It is unfortunate, but many have lost hope in life, become cynical and pessimistic and believe the best antidote for disappointment is not to expect much in the first place. Some have resented the idea of God or a loving God, while others have refused to pray or believe in prayer since the last great need I prayed for never came through.
The resurrection is the most profound response to the question of evil and is an exceptional resource for hope and resilience.
In the resurrection we discover a God whose very Son suffers the worst of human evil. He doesn’t avoid it or evade it but faces this problem of evil head on. Here is one who was betrayed, insulted, lied on, abandoned and the list goes on – ONLY for doing good. He too prayed – let this cup pass (Matthew 26:39) – only for that pray not be answered. We discover through this amazing story that the solution to the problem of evil, suffering and pain in our world is not to escape it, avoid it or evade it but to overcome it by faith in God through Jesus Christ. We learn how God uses suffering redemptively.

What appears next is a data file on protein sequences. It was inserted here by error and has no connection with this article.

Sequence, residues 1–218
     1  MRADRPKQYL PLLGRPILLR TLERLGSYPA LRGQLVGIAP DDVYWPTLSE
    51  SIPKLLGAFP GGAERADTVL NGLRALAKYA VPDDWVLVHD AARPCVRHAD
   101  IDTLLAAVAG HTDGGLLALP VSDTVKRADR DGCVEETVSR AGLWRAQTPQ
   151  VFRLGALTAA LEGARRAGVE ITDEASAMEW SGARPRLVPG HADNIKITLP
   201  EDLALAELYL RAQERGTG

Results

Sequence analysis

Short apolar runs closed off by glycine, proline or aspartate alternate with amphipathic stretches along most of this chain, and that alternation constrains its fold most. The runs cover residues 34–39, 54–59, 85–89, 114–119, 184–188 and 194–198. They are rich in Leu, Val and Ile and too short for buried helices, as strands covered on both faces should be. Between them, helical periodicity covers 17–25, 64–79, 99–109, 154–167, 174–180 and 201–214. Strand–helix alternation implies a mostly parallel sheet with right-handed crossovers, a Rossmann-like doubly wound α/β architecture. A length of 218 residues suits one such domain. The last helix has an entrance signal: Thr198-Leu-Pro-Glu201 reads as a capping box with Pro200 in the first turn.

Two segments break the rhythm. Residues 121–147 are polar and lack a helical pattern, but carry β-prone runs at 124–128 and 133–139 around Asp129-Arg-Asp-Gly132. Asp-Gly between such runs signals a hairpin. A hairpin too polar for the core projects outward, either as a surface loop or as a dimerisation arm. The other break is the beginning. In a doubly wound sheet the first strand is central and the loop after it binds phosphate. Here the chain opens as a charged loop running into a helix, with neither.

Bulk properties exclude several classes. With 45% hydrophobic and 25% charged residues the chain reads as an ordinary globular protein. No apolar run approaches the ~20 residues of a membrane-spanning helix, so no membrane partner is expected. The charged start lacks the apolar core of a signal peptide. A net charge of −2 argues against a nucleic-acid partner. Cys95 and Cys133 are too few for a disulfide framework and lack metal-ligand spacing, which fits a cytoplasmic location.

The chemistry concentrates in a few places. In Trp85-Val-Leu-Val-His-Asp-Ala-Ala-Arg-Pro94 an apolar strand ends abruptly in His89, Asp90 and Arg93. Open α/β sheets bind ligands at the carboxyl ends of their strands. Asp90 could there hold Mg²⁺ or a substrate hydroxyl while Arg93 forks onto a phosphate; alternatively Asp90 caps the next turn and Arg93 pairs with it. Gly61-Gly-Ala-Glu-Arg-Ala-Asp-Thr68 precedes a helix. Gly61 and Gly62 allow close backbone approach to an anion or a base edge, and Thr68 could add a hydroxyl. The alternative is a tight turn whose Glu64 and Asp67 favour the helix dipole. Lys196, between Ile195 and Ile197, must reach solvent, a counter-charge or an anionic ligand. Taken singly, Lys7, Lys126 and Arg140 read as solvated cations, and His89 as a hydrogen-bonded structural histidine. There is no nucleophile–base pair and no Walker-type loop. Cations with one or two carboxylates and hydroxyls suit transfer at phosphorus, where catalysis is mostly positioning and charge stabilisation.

This is important for us as we continue to see great suffering and incomprehensible evils. Some brought on by the pandemic, others accentuated by the pandemic while others were just a continuation of our pre-pandemic reality. We see more and more political divisiveness and the dishonesties that come with it. We see how people are used and manipulated. We hear of and experience stories of abuse and violence. We see the examples in our world of greed and selfishness that even in a pandemic economy we learn that in some people demand increases and bonuses or we see how unwilling some are to make sacrifices or experience inconvenience for the wellbeing of others or all. ME! ME! ME! MY! The struggles and sufferings people have been trying to navigate with the loss of income or no income at all. People who previously thought they had it together, having suicide ideation. The resurrection is an invaluable message in the midst of the brokenness, sufferings and evils of our world.